Last Updated on 22nd December 2019 by Sarah and Justin
We always try to find some free things to see and do on our trips – and in our everyday life! After living in Rotterdam for over a year, we have explored this city extensively. It’s a great walking city and you can see a lot (for free) just by taking a stroll in its different neighborhoods. But that’s a topic for another post (which we will write soon!). This post is all about free things to do in Rotterdam – like actual attractions where you can see and learn and taste new things. We hope you find something that piques your interest.
7 free things to do in Rotterdam
Rotterdam Markthal (Market Hall)
We’ve written about it before and for good reason. The Market Hall in Rotterdam (aka the Markthal) is still our favorite place in the city. And, it’s free! The Markthal is an architectural marvel in the city center – an enormous horseshoe-shaped building like you’ve never seen before. It’s great to look at from the outside – especially during the winter months when it’s all lit up and decorated for the holidays. But inside is where the action is.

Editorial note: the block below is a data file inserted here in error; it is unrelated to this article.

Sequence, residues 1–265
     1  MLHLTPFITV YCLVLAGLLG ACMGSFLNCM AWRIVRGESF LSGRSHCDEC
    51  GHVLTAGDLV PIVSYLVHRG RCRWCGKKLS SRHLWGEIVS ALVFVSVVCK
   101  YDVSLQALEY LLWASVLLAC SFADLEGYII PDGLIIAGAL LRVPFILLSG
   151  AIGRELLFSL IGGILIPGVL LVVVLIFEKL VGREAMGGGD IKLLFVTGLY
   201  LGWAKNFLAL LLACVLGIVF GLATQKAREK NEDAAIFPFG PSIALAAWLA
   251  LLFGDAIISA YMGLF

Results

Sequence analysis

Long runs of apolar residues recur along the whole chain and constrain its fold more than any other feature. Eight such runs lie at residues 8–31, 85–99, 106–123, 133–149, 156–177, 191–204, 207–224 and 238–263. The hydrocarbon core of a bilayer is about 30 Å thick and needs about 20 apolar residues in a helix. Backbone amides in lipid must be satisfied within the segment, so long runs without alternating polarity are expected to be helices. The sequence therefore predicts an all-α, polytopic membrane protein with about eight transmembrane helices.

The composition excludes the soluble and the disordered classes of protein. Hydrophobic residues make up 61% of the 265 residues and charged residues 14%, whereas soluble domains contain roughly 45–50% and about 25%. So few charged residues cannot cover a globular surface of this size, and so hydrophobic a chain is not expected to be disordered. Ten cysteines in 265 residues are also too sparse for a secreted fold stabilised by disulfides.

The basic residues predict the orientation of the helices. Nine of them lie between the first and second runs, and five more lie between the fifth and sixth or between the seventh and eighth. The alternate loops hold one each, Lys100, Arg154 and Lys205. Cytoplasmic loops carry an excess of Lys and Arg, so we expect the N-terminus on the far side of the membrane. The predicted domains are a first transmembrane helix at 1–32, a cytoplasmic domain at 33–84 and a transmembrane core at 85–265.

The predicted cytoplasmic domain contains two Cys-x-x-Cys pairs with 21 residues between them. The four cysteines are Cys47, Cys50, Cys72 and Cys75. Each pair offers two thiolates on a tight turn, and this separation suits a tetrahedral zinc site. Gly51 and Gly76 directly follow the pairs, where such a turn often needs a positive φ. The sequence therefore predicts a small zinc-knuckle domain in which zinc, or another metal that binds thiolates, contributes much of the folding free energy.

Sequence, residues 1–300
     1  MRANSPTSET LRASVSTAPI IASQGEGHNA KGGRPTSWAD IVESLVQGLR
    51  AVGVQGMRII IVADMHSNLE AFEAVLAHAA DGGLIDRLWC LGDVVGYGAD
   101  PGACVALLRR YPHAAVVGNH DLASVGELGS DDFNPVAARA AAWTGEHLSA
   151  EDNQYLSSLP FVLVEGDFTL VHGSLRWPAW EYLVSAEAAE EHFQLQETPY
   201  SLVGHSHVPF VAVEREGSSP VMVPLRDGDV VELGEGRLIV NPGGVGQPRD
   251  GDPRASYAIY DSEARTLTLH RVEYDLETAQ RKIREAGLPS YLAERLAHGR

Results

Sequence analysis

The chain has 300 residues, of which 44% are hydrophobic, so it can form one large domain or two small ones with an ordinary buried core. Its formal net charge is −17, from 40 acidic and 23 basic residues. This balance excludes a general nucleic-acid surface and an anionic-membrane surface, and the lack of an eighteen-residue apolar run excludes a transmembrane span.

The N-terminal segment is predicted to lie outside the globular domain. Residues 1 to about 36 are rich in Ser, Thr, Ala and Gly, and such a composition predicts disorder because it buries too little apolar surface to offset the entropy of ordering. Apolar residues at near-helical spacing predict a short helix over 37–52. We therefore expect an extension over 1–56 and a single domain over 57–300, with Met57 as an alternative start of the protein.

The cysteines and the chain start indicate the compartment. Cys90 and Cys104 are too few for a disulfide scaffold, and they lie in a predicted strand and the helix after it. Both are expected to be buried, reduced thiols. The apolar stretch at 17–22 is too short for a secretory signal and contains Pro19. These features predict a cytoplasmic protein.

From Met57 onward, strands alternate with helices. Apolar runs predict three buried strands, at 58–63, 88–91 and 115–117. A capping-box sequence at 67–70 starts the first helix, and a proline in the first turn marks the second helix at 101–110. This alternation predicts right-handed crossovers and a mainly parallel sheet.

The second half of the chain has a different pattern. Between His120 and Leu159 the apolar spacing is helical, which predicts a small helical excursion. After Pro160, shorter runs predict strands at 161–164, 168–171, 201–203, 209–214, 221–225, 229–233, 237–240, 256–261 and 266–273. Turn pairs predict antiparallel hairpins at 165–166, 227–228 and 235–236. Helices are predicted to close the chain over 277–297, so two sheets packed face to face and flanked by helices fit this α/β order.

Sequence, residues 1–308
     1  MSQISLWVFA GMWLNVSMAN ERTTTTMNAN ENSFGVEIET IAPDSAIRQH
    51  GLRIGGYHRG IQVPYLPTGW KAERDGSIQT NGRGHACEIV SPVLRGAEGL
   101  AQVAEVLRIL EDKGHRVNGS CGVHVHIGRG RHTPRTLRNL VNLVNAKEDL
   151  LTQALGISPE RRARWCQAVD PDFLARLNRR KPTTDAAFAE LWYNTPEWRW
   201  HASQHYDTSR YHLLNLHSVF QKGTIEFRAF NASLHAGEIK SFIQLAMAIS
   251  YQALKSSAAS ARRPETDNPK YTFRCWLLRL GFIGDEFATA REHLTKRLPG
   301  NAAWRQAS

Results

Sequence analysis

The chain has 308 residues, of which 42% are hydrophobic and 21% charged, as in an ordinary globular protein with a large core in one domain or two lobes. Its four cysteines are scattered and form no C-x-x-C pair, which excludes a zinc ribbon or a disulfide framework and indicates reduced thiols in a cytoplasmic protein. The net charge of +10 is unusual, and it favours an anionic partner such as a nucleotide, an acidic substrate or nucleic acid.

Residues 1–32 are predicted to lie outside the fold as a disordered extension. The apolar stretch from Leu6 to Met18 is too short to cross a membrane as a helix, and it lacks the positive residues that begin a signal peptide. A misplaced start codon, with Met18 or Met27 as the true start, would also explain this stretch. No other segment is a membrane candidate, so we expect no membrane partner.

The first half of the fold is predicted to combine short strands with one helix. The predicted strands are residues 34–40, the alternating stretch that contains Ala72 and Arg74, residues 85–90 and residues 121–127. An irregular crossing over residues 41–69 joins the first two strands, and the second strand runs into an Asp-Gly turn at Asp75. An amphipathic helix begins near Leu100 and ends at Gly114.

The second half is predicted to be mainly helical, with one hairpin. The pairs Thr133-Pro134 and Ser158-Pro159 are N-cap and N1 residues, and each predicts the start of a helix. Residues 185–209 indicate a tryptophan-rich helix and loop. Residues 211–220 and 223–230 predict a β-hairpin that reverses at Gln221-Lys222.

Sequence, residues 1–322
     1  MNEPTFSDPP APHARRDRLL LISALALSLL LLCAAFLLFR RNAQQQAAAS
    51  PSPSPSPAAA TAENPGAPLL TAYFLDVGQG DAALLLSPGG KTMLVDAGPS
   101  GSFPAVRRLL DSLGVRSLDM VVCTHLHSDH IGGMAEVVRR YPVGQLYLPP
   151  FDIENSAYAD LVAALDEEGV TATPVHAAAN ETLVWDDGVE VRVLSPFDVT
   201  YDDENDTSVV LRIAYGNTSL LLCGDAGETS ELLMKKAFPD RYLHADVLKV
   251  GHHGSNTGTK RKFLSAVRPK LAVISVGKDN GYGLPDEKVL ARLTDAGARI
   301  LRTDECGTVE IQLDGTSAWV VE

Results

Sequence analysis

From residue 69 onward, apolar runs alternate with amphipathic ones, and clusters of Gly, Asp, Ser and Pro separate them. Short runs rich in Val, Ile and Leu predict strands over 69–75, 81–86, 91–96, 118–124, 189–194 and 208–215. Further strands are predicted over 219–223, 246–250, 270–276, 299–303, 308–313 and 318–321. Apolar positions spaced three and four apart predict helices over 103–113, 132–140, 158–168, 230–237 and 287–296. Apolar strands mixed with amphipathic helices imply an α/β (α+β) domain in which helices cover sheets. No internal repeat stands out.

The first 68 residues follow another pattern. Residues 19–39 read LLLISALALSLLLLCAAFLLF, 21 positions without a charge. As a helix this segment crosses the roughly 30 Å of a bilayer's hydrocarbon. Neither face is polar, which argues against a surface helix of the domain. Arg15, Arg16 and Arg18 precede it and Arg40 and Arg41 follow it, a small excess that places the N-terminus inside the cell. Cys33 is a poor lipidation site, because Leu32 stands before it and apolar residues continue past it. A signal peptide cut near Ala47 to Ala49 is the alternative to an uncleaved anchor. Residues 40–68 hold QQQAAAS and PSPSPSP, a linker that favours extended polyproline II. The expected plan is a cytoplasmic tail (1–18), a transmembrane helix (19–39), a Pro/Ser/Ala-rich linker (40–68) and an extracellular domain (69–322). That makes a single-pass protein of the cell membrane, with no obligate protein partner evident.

Super fun, brightly colored murals tower over and around you. And of course there’s the food. Stall upon stall of delicious smelling and beautiful looking local and international delights beckon you to come closer. Luckily, most stalls offer free samples. But do note, you will be tempted to spend some money on actually buying some of their tasty treats… and you definitely should!
The Cubic Houses are another attraction completely unique to Rotterdam. And the best part of visiting them (in our opinion) is free. If you’ve seen pictures of Rotterdam on Instagram, chances are you’ve seen the Cubic Houses. These bright yellow tilted cubes (that people actually live in!) make for perfect pictures. They were built in 1977 and were designed by Dutch architect, Piet Blom, to optimize space. We love walking under the Cubic Houses from Blaak to Oudehaven, where you can stare up at the cubes seeing the different shapes they create against the sky and wonder how people actually live in them. (For the answer, you can always visit the Kijk-Kubus Museum House, but that will cost you a few euros).